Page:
Queer Women Used Tumblr to Explore Sexuality. Now It’s Over.

Tumblr and queer women

Growing up in a small, conservative pocket of  Pittsburgh, Mandy Seiner saw how women’s sexuality — especially queer women’s sexuality — would be ignored or considered all-out shameful. As she began exploring her sexuality throughout high school, she turned to Tumblr.

“Tumblr was my entry point into the queer community,” Seiner, now 22, says. “Prior to that, I had only ever seen queer intimacy in movies or in other random explicit content I found online, which was highly catered to the male gaze — a lot of phallic-centric threesomes and unrealistic scenes. Tumblr made me realize that queer intimacy could be soft, non-performative and diverse.”

But for Seiner and other young women who have used Tumblr to learn about themselves and others, that’s coming to an end.

Tumblr announced Monday that it will remove  all “adult content” from the site on December 17. In this case, “adult content” means photos, videos, or GIFs that show real-life human genitals or female-presenting nipples (we could not roll our eyes harder), and any content — including photos, videos, GIFs and illustrations — that depicts sex acts. But that’s precisely the content that draws many women to Tumblr. "It's just such a hub of so many different kinds of art and expression that it was the perfect place for me to safely explore [my sexuality]," says 27-year-old Samantha.

Generally, Tumblr allows users to create blogs, share content they like (typically images or text posts), and build communities around subjects that matter most to them — from fandoms to health and fitness to sexual preferences. The ease at which users can anonymously collect, curate, and experience the things that turn them on has led Tumblr to become a safe place for queer women to explore their sexuality, often for the very first time. Searching tags like “softcore” or “fingering” would yield  pages of porn GIFs, sensual black and white images, videos, erotic fiction, fanart, and more. And while there’s plenty of porn on the internet, the adult content on Tumblr was often sensual and intimate, focused more on desire — a radical shift from what’s typically available on explicit porn sites like PornHub. Though made-for-women porn sites exist and are growing in number, many are membership-based or have inhibiting pay walls. Tumblr quickly became the place where women could easily explore what turns them on and discover sexual content that didn’t feel alienating or degrading.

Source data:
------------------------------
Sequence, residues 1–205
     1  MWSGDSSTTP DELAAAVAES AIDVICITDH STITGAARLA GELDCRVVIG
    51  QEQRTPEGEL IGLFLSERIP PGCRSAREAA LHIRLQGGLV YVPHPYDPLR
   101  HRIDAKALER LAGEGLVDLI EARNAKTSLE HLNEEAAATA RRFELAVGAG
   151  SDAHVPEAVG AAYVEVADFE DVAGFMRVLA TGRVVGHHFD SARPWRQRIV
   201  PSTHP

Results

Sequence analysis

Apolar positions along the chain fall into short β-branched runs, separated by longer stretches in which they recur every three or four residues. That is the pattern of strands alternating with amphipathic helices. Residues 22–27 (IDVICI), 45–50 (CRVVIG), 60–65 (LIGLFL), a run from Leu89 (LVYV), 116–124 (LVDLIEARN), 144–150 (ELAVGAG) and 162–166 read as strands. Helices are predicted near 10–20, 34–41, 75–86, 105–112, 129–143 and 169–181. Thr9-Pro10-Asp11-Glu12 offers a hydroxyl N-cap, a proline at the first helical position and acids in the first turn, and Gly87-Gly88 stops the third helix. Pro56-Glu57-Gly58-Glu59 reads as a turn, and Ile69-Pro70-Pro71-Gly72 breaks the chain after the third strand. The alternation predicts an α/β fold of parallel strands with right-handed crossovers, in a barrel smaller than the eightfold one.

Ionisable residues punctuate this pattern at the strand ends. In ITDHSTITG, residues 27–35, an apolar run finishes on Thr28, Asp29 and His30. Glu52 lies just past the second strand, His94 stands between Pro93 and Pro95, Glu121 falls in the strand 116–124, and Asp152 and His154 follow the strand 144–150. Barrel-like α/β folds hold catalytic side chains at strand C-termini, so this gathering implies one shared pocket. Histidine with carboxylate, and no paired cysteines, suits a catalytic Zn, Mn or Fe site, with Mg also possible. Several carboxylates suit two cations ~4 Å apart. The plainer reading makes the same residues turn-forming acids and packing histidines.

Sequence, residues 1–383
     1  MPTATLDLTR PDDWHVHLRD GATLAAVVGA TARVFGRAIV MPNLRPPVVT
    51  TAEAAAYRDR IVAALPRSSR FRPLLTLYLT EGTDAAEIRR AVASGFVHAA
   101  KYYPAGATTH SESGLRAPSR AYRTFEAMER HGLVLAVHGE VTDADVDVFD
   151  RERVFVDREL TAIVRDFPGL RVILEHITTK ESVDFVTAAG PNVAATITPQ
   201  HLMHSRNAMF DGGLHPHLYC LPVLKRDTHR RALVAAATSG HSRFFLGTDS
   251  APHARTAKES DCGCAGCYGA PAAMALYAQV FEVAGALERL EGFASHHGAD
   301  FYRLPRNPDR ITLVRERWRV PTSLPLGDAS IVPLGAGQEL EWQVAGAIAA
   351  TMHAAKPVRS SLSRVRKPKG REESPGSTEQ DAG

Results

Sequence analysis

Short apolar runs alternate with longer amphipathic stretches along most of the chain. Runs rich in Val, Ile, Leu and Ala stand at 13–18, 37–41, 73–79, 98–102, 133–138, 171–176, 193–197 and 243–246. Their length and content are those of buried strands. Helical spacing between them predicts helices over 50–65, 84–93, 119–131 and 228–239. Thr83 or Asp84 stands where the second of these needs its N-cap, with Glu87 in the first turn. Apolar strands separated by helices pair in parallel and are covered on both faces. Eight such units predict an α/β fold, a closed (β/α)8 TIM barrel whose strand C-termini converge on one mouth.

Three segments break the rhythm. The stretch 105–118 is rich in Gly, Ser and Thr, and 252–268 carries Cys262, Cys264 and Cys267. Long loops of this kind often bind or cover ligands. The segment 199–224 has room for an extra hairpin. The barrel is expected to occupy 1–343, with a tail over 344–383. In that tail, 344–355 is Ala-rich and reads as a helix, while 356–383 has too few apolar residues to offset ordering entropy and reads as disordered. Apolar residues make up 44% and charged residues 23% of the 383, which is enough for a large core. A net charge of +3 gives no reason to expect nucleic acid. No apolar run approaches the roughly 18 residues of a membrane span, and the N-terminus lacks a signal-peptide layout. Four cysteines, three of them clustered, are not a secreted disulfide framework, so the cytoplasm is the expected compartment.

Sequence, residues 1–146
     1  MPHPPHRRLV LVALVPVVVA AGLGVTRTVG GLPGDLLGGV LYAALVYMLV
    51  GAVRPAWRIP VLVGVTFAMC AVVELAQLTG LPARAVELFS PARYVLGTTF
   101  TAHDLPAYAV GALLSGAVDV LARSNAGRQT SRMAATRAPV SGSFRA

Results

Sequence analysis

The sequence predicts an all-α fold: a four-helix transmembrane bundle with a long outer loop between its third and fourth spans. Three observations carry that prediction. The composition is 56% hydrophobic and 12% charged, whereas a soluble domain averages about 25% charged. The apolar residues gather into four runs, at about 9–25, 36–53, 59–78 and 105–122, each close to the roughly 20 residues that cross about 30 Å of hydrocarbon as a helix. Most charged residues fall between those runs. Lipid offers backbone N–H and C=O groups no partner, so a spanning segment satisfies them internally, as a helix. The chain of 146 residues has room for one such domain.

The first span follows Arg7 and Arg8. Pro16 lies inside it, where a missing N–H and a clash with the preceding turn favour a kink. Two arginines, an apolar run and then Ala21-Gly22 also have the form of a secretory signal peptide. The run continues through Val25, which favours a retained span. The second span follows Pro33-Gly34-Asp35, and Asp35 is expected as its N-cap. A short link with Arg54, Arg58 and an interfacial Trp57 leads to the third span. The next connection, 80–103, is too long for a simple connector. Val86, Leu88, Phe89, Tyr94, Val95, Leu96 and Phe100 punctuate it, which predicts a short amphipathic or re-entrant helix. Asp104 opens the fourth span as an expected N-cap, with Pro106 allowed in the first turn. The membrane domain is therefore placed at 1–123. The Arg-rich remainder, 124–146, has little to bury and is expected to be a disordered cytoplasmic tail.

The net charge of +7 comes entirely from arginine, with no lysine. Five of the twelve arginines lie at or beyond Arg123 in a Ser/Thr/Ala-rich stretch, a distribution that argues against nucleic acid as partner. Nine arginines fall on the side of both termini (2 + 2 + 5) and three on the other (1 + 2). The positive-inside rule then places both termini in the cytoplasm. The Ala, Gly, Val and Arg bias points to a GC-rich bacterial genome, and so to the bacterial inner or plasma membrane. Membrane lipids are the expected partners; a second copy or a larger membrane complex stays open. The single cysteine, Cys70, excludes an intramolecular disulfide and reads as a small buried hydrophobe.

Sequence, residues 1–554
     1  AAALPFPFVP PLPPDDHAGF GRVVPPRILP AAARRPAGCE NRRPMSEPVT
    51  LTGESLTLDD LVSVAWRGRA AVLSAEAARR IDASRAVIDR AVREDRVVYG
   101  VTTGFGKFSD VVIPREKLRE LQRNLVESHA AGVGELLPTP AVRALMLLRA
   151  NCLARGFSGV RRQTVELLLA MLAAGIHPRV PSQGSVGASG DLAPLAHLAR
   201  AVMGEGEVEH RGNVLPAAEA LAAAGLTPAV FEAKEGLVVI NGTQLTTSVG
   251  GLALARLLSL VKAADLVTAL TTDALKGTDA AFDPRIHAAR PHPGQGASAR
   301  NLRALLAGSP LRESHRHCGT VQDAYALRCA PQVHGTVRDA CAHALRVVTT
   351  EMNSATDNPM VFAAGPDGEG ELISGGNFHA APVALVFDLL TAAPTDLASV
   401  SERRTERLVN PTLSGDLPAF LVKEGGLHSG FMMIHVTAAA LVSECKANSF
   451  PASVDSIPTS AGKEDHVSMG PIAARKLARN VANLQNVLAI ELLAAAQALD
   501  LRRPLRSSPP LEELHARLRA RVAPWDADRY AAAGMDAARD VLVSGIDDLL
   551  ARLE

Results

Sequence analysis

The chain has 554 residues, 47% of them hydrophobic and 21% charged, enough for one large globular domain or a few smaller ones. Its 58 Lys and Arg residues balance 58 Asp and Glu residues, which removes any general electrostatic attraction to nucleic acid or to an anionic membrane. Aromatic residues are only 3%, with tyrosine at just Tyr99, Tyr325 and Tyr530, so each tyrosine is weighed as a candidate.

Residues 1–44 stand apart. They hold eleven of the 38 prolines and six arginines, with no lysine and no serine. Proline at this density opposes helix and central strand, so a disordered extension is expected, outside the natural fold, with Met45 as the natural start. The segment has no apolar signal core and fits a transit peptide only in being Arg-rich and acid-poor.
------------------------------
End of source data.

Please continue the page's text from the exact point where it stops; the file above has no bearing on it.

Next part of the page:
Tumblr introduced me to female erotic film directors like Erika Lust, whose productions focus on the pleasure of the parties involved onscreen, not the unnamed viewer,” says Mandy. “That was monumental for me as a young woman who thought, consciously or not, that all sexual acts were something to be done to you rather than for you.”

When 20-year-old Jamie from Ontario began questioning her sexuality a couple years ago, she turned to Tumblr because it was anonymous and allowed her to follow NSFW content by women for women, which helped her understand and validate her bisexuality.

“Without the experience I had on Tumblr, I wouldn’t have been able to learn so much about how I was feeling and eventually come out to my friends and family,” she says. “I wouldn’t have been looking up LGBTQ content on Instagram and Twitter for fear of outing myself or being outed.”

Communities built around sexuality and desire have flourished on Tumblr, especially for young queer women looking for content tailored to them, which can be a true struggle to find. These blogs can also serve as a resource for anyone looking to learn more about their own sexual or gender identity.

That’s why Kdin Jenzen, a 30-year-old transwoman from Austin, Texas, started her own Tumblr blog. She uses it to connect with likeminded people, answer questions, and help other trans and LGBTQ+ folks discover and express themselves. She now has more than 20,000 followers.

“On Tumblr, I was accepted, listened to, and free to enjoy regular and adult content both created by and for the LGBTQIA+ community,” she says.

But the question on Kdin’s mind is: where will Tumblr draw the line for what’s considered “adult content”? The platform has already started shutting down accounts and purging material, and Kdin worries what will happen next to the communities that found a home there.

“With this mass ban on pornography, Tumblr is indirectly targeting the LGBTQIA+ community and removing posts and blogs directed at helping others. Being sexual is natural, and having a safe place to discuss and show this off was a huge part of what Tumblr was for so many people,” Kdin says.

“I’ll probably be encouraging my followers to abandon the platform and follow me to Twitter and Instagram instead,” she adds.

An analysis from 2013 found that 11.4 percent of Tumblr’s blogs were “adult content,” and that has likely risen since then. It’s uncertain what will happen to the platform after this ban, as well as what will happen to the sexuality-based communities that formed and thrived there. What is clear is that queer women desire a space to experience realistic sexual content created for them. They found that on Tumblr, and with this ban, we’re about to lose more than just some smutty GIFs.

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